I feel fortunate that I had the opportunity to experience these two differing perspectives simultaneously. It has informed my understanding of how integral our understanding of self is to our experience of self. The image I or anyone sees when they look in a mirror or simply see themselves in their mind is a picture created from many sensory and motor inputs interpreted through their understanding of what it is to be human. To say “body image” suggests that this picture is just about an unassociated corporal form. But, it is a picture of our identity. When we continue to use the term “body image” we reinforce the idea that we have an unassociated corporal form.  We don’t. Let’s call it what it is, our self image.

That seems incredibly simple and maybe not worth the argument. But I believe that the more our vernacular supports reality the more likely we will be able to see reality simply.  And I am all for simplicity, especially when approaching things that are as complex as reality and my relationship with myself.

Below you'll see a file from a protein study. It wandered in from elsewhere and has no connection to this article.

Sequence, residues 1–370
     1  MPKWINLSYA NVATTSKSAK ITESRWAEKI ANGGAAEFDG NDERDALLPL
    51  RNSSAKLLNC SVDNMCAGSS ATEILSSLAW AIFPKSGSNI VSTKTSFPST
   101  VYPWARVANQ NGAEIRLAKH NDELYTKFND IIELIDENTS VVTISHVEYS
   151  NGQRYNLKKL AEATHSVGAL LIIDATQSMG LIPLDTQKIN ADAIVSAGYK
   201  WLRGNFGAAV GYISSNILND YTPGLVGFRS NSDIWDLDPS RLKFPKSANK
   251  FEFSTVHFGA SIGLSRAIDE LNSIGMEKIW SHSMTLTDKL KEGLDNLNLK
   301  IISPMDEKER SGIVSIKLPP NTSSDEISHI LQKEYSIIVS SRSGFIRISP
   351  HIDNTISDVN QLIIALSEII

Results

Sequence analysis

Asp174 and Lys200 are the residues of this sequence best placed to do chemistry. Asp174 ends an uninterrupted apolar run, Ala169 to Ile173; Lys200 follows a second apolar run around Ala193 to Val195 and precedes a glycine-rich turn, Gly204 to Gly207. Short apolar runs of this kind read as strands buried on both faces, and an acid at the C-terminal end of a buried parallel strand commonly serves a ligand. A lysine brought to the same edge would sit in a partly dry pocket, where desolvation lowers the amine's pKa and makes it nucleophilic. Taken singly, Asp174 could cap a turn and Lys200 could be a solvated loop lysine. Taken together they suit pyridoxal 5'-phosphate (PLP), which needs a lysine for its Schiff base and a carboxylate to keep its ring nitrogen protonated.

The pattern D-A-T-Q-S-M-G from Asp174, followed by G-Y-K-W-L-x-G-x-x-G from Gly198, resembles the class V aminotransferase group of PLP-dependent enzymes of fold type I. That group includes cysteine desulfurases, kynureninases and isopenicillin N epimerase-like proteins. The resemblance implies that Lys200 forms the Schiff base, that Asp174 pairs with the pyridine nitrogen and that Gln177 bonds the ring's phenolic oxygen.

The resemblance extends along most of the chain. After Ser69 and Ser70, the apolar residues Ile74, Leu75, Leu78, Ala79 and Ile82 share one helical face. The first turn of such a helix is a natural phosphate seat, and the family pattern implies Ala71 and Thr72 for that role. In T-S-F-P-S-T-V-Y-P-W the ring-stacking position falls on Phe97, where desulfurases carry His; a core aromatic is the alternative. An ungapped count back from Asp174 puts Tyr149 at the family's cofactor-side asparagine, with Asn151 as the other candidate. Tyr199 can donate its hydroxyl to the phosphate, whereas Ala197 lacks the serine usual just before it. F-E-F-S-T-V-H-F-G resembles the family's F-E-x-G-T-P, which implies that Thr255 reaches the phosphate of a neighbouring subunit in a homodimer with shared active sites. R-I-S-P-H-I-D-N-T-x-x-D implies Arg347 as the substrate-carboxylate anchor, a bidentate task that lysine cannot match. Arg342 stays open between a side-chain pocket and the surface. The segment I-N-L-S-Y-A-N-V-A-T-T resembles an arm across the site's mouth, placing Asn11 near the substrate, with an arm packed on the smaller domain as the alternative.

Monday, October 12, 2009

Inhibiting as I Go On

Creating an internet identity for myself is a new endeavor.

I do it for simple reasons, I want to teach the Alexander Technique in my community.

And I heard a rumor that the internet is an incredibly efficient means for people to get information about local businesses, educational opportunities, questions of interest like, "What the hell is the Alexander Technique anyway?"

So I adventure forth into this completely unknown stimulus of communicating my understanding of and excitement about the Alexander Technique through the written word and the internet.

I shall use this moment as an exploration of inhibition which is the cornerstone of the Alexander Technique.

I recognize that I really want....I really, really, really want everyone who reads this to understand my thoughts and passions. Hell, I really, really, really want all of the millions of people who read this blog to fly to Portland, OR and take Alexander Technique lessons with me so we can explore the nature of action and reaction in them as an individual. It would be such great fun! My heart leaps quietly with this fantasy.